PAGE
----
Charles Carver, Sheri Johnson, Jutta Joormann

The serotonin system is a collection of neural pathways whose overall level of functioning (from low to high) relates to diverse kinds of psychological and behavioral variability. Individual differences in serotonergic function are important both in personality and in vulnerability to psychological disorders. These disorders range widely—from impulsive aggression to depression. One way to understand such diverse reflections of differences in serotonergic function is by viewing serotonergic function through the lens of two-mode (or dual-process) models of self-regulation. Such theories posit a lower-order system that responds quickly to associative cues of the moment and a higher-order system that responds reflectively and planfully. Low serotonergic function appears to enhance influence of the lower-order system. This often yields impulsive reactivity. Why, then, does low serotonergic function also relate to depression, which is characterized by lethargy and unresponsiveness? The answer must be that ascendance of the lower system interacts with other factors. One hypothesis is that low serotonergic function plus high sensitivity to incentives yields vulnerability to impulsive approach, whereas low serotonergic function plus low incentive sensitivity yields vulnerability to depression. Conceptualizing serotonergic function this way helps integrate information pertaining to very different disorders into a coherent picture.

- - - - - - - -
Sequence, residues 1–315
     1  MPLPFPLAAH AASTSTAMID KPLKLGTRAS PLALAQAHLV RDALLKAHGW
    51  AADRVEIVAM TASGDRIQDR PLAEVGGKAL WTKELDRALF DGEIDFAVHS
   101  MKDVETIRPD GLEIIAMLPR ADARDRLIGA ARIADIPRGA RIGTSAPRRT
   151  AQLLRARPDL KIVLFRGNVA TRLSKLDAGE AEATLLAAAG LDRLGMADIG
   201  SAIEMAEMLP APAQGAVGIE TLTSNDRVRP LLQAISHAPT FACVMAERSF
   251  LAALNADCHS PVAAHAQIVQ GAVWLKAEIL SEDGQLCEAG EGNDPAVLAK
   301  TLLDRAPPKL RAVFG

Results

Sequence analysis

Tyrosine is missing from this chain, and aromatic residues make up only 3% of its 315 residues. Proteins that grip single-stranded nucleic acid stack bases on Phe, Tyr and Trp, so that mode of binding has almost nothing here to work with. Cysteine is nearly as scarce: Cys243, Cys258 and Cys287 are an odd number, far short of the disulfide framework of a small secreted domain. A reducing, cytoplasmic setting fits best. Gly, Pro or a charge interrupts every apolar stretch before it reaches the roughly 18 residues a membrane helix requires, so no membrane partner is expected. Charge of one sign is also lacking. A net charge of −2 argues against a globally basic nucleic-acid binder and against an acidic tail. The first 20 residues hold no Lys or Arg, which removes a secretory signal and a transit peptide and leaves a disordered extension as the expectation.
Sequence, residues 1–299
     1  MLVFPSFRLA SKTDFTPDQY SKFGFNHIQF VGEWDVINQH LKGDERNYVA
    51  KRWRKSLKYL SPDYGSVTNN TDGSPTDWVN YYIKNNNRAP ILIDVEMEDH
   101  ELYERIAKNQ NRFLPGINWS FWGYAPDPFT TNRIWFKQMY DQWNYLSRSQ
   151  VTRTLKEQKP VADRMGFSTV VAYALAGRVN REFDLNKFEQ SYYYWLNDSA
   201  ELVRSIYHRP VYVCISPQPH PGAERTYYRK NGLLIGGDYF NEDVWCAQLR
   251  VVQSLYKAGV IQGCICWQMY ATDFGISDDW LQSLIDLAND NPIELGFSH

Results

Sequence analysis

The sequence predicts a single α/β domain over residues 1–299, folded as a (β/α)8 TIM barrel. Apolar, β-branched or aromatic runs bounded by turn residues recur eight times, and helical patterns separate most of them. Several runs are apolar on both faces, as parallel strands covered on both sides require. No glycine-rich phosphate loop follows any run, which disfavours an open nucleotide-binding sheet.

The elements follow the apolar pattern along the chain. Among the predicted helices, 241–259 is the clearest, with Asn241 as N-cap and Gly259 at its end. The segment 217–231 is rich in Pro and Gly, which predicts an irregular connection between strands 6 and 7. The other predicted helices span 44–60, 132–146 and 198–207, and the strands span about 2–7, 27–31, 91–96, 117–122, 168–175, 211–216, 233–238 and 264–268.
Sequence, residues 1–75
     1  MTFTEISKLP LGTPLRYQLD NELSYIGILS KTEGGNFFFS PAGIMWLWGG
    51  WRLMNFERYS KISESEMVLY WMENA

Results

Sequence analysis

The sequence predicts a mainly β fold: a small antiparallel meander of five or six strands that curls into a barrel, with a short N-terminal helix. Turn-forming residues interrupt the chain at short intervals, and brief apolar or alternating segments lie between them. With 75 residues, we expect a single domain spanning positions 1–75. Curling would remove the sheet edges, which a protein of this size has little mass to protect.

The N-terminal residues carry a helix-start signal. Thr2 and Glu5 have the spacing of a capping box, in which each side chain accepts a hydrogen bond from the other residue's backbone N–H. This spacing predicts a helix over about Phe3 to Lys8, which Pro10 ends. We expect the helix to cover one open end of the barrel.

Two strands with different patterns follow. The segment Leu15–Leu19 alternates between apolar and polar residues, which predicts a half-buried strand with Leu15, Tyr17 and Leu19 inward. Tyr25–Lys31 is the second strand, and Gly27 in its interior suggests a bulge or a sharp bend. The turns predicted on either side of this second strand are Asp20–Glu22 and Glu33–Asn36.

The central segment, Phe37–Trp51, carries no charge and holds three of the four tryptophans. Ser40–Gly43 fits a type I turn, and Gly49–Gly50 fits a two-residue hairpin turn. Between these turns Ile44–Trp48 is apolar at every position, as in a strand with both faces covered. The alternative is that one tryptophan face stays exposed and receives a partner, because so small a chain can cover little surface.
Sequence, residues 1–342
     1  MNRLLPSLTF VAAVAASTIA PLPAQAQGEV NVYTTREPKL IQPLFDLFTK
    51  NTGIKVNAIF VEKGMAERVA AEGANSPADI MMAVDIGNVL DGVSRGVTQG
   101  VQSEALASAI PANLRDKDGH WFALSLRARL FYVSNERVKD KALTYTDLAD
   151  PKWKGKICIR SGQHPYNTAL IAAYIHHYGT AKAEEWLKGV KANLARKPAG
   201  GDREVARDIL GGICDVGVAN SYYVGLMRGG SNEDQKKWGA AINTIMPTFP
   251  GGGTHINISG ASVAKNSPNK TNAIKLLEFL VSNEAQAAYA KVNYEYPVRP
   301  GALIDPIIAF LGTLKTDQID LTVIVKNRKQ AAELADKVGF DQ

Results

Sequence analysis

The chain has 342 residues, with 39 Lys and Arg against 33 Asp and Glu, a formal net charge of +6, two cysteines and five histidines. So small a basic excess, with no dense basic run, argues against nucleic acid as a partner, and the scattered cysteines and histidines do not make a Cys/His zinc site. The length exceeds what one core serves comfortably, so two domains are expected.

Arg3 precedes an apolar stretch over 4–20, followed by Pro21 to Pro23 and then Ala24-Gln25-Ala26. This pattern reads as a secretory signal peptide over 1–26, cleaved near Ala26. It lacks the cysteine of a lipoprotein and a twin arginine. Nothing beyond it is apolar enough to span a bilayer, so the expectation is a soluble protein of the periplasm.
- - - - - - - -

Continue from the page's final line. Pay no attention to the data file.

Publication Type  
Current Directions in Psychological Science
Issue Number